When I came riding alone through the pathless woods towards Berinag on Snake Mountain, I heard the singing of ancient veda hymns nearby: it was a choir of schoolboys singing in Shri's honour the old songs which for thousands of years have been sung for kings and wise men. The boys carried a Gandhi banner which they had made themselves. Some days later when we were returning the singing boys followed us again. The mountain species of the Himalayas remind me of those in the Grand Canyon of North America. On picking up a stone, it almost frightens one to see it immediately crushed to dust. It was impossible to hammer a nail in one's shoe with the aid of a stone, and the soles of our shoes showed sad gaps. In Askot there would be a shoemaker, I was promised. The Raja, the petty prince of Askot, who visited us in our shelter, arrived with bad news. He told us that the peacefully winding River Kali, which could be seen from our hut, had become wild and tempestuous in its upper course. There had been heavier rains than usual. All the bridges had been swept away, the narrow road had collapsed in several places or had plunged into the abysses. The pilgrim throngs that had gone on ahead of us had met with indescribable hardships. A few men had met their death. After a long silence, Shri decided definitely to turn back. I had often been surprised at the fact that the friendly old man had been so aloof and indifferent towards Nityanand. Now I understood Shri's attitude. Nityanand's magnificent prophecies had not been realized. He who had solemnly declared that no one should die on this pilgrimage had made a mistake, he had deceived himself and others. Shri received more distressing news. The merchants who had delivered kerosene lamps, umbrellas, raincoats and supplies to the committee for the pilgrimages, had not been paid, and they held Nityanand responsible. He became involved in unpleasant law-suits. People began to declare that he was an adventurer, that he had never been legally elected as Shankaracharya's successor, since he lacked the knowledge of Sanskrit which was required. It is out of place for me to judge him. A newcomer to India has difficulty in avoiding being taken in, and among the throng of ascetics who deceive others or themselves it is not so easy to find one who really had dedicated his heart to God. For the friends of God like to appear in disguise.The grace of God is needed in order to recognize them. I looked longingly from the heights of Askot, down upon the virgin green forests, the fields and the cloud-enveloped mountains in the independent country of Nepal, which seemed to lie just below my feet, on the other side of the glittering stream Kali. It was a wonderful, smiling landscape. It was very disappointing for me not to be able to wander farther towards the north, for since I was in Shri's company, Tibet, the forbidden land, would not have been closed to me as to all Europeans. Shri had received an invitation from the viceroy of western Tibet. It was rumored that for several weeks twentyfive horses had stood ready for us at the boundary. "Wait until your time comes. Then Shiva will call you," said Shri. Return march. We remained two days in Askot. During both of these days the Raja's younger brother was with us in our bungalow. The members of this noble family, whose ancestors had ruled over the mighty kingdom of Kumaon, stretching from Sikkim to Kabul, now live like country squires or landed proprietors in the village of Askot. They, too, are descendants of the sun dynasty, and can trace their origin some thousand years back. Until a hundred years ago, all of the royal family bore the extra title "deva" (god). When the English took their capital city, Almora, in 1815, and they had to retire to Askot, they discarded that name. I glanced once more at the winding, sun-drenched Kali river, then ran ahead of the others into the wood. This wandering back to Almora was full of strange joy. Four times again up the mountains and down into the tropically warm valleys, and then up the plateaus again, climbing up steep paths. "It is not so important to go to the physical Kailas. The real Mt. Kailas, which lies in one's soul, that is what one must try to attain!" - something like this Shri had written to me as long ago as the beginning of our friendship, in the instructions he sent me. Nearer and nearer Shiva's holy mountain seemed to come, although apparently I turned my back on it. I dreamed of him at night. His icy head and his glittering slopes were to be found within my soul, while, alone with myself on my way home, I once more traversed Himalaya. In every shelter where we spent the night on our journey home, Shri imparted his teachings to me. He began in the shelter Tal, that lay in a murmuring forest ravine, the lowest point of the whole journey. But the light from Himalaya's snow-capped mountains fell into the ravine.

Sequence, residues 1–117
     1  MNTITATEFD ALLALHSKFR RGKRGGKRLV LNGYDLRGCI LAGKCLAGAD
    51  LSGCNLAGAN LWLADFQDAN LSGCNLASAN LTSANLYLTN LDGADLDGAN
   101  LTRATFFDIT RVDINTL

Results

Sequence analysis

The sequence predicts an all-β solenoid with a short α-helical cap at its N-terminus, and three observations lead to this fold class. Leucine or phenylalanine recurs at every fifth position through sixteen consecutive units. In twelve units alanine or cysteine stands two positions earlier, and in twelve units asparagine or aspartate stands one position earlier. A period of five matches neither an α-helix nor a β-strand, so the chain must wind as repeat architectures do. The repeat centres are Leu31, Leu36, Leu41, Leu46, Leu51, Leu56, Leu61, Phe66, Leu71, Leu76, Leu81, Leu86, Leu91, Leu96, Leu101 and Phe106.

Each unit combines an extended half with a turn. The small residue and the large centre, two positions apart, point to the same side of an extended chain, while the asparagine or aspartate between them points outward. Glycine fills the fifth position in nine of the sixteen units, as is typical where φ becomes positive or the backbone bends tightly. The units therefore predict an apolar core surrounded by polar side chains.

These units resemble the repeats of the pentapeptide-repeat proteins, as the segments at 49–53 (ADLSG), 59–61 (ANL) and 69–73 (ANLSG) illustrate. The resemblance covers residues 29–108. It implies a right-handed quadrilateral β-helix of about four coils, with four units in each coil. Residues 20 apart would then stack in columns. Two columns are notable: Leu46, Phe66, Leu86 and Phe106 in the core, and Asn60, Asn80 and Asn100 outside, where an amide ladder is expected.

Shri said: "Today is the anniversary of that day when Krishna came down to earth. We shall celebrate it by reading together from the Bhagavadgita. Vamandas, have you brought the Gita with you? No, I had not brought the Gita with me. The book had remained in Almora. "What book have you, then?" "Only Vivekachudamani (the Crest Jewel of Discrimination) by Shankaracharya." Thus it happened that on one of the days when God had allowed Himself to be born on earth I sat at the bottom of the deep ravine and read this magnificent book by Shankaracharya, which is atheistic in the end, declaring the world and the personal God to be illusions: No world exists, no God exists, only the all-consciousness, the Brahman without form. During the continued journey, while I walked or ran uphill and downhill, I meditated incessantly on one word from the Upanishads, which Shankarachary had made the foundation stone of his conception: "aham brahmasmi", I am Brahman. Behind this powerful and daring word, at times, both mountains and forests and rivers vanished, and even the snowy mountain crests. But secretly, the whole time I felt ashamed. I longed for the volume of the Bhagavadgita which had been left behind in a trunk in Shri's little white house near Almora. I did not long for any particular verse which I failed to remember, no, I longed for the book itself, because this Bhagavadgita contained the words which God, Krishna Himself, had once spoken with His own lips to His disciple and friend Arjuna. When I returned to Almora, and the outcast street-sweepers raised clouds of rank white dust with their big brooms, so that both nose and mouth became filled with it, I thought rejoicingly: "That, too, belongs to Him! It is Krishna's dust they are raising!" CHAPTER VIII ANANDAPITH - THE HOME OF BLESSEDNESS Vrindavan, birthplace of Krishna - Flowers and beggars - Shri's house in Nasik - Building a temple to Dattatreya - The Casteless - Krishna Chaitanya. It was my birthday on the day of my return to Almora, and it seemed as if I had never been away. The terraced landscape that had been so dried up had now become greener. The grain grew tall. The rivers were swelling, but the water was clear. And trees that were strange to me flowered like tall candelabra with white flames. The essence of each day was meditation. And thus we finally left Almora, and traveled to Nasik. We passed over many wide, quiet rivers. Banks of sand could be seen on their shores, and green copses and temples. Past ancient houses where people sat and sang hymns to the gods by the light of candles or of oil lamps. The narrow-gauge railway leading into Himalaya has its starting-point in Mathura, and there our journey was interrupted a few hours. It was early morning. I drove with Shri to the city where, according to tradition, Krishna was born five thousand years ago. A wild, noisy Asiatic crowd on the close-packed cobbled streets. Great fourwheeled buffalo carts. Cows lying leisurely stretched out on the ground. Merchants, and beggars with arms ravaged by leprosy, who stuck clamorously on to our car. Through a stunted hot copse, which had once been a flowering virgin forest, we drove to Vrindavan, where Krishna had spent His happy youth among the shepherds. Next year we intend to spend a few months here during the cooler season. This time I sat only a short while in the shade with Shri, on one of the steps leading down to the stream called Yamuna. We both took off our shoes and socks, and stretched our legs into the milk-blue shimmering water which flowed along. After the long wandering in Himalaya, one of my toes had swelled up feverishly, and throbbed and was bluish-red, probably full of puss. I remarked, half-jesting: "Perhaps Yamuna's holy water will heal my foot." Shri answered in all seriousness: "It will certainly be healed." It was wonderful to feel the soft, warm water on my face and hands and my tired feet. Fishes with wise eyes came confidently up to us and swam away again. When I looked closer, I saw that what I had taken for fishes were really the heads and necks of rather large tortoises. In order to get a little change to give the innumerable beggars, Shri had brought flowers and garlands from one of the many flower-girls who sat crouching in the streets. At his suggestion, I now sacrificed